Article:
UIC awarded $2.25M to establish Army HBCU/MI Research Center of Excellence
The University of Illinois Chicago has been awarded a $2.25 million, five-year grant to establish a Research Center of Excellence by the U.S. Army through a program that aims to expand and diversify its research base through partnerships with historically Black colleges and universities and minority-serving institutions, or HBCU/MI.
The award to UIC will found EXtreme EnErgy Density, or EXEED, a research center dedicated to multidisciplinary, collaborative research focused on the discovery, characterization and synthesis of next generation energetic materials.
The mission of the work based at EXEED is to create new high energy density materials, or HEDMs, from molecules subjected to extreme conditions such as high pressures and to train the next generation of scientists and engineers for the U.S. Department of Defense in the field of energetic materials.
“We are excited to launch this bold new basic science effort to discover new materials with unprecedented amounts of stored energy and other useful properties. We are also grateful to the U.S. Army Research Office for its recognition of UIC’s potential in training students from underrepresented groups in this field,” said EXEED director Russell J. Hemley, LAS Chair in the Natural Sciences and professor of physics and chemistry.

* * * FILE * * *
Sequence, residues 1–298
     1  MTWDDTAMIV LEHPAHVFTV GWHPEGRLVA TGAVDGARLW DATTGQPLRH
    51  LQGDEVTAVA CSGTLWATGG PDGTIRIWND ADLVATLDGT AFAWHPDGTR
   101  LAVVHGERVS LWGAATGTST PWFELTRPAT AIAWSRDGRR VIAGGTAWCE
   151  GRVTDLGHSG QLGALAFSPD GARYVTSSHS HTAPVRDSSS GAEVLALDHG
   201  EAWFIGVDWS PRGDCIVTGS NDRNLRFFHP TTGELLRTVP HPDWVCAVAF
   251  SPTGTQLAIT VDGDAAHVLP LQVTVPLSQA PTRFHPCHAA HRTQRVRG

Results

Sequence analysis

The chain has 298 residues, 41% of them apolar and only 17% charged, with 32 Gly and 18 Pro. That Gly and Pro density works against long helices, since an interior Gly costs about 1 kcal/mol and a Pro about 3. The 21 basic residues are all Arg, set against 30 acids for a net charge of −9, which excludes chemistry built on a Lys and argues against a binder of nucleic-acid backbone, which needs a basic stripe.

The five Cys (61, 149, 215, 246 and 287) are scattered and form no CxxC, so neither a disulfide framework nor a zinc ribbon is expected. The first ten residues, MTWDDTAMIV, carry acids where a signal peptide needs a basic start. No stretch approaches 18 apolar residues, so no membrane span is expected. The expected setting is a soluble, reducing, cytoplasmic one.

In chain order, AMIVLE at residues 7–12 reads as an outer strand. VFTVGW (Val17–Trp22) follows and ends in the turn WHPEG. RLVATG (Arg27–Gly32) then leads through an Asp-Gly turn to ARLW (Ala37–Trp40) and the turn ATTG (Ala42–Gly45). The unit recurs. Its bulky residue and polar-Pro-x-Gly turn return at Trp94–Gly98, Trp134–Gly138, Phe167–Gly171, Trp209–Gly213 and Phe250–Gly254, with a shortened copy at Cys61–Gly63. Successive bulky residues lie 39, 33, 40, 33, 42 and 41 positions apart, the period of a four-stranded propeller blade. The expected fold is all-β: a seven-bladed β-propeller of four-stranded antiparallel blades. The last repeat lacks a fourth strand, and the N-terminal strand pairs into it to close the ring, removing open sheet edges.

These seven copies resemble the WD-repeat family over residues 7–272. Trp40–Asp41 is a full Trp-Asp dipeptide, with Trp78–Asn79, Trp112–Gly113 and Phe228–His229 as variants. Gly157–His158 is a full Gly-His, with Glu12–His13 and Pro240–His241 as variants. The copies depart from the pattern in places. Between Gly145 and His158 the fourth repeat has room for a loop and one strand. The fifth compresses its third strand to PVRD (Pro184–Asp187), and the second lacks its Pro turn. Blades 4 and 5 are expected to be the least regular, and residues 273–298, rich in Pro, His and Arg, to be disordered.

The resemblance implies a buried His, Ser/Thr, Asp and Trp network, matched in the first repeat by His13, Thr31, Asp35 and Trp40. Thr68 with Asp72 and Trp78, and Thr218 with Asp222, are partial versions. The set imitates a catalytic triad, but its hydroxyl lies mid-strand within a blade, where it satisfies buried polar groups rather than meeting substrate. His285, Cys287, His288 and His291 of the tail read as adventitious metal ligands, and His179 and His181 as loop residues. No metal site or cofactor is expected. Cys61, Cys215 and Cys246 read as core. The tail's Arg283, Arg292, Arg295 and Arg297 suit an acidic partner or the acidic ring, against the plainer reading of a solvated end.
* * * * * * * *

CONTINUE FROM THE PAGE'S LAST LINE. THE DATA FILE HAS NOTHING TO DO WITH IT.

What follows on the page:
Joining Hemley in the center are Ksenija Glusac, UIC associate professor of chemistry; Tom Driver, UIC professor of chemistry; and Santanu Chaudhuri, UIC professor of civil, materials, and environmental engineering, who are experts in fast spectroscopy and photochemistry, synthetic organic chemistry and large-scale simulations, respectively.
The research group and participating students will utilize a newly established high pressure laboratory at UIC, as well as established organic synthesis, spectroscopy and synchrotron facilities at UIC, Argonne National Laboratory and Brookhaven National Laboratory.
Using these facilities, EXEED will apply state-of-the-art extreme conditions, laser optical, and synchrotron x-ray and infrared techniques to investigate and develop next generation HEDMs.
“The newly supported center has the potential to discover new classes of materials with energy and power densities exceeding significantly those of traditional explosives,” said James Parker, program manager for the U.S. Army Combat Capabilities Development Command’s Army Research Laboratory. “The combination of the personnel and facilities available at the center brings to bear world-renowned expertise as well as cutting-edge state-of-the-art instrumentation which will lead to breakthrough discoveries in how ever-increasing amounts of potential energy can be stored in solid materials, of significant importance to the Army.”
Last year, Hemley and UIC received awards for related high pressure research. In October, the Department of Defense awarded a $3 million, three-year award to establish an undergraduate research mentoring program in science, technology, engineering and mathematics, or STEM, areas with a focus on engaging undergraduate student veterans and minority students. The Department of Energy’s National Nuclear Security Administration, or NNSA, awarded $8 million over four years to UIC in April to lead a multisite, interdisciplinary center focused on research, training, and technique development in the study of materials in extreme conditions.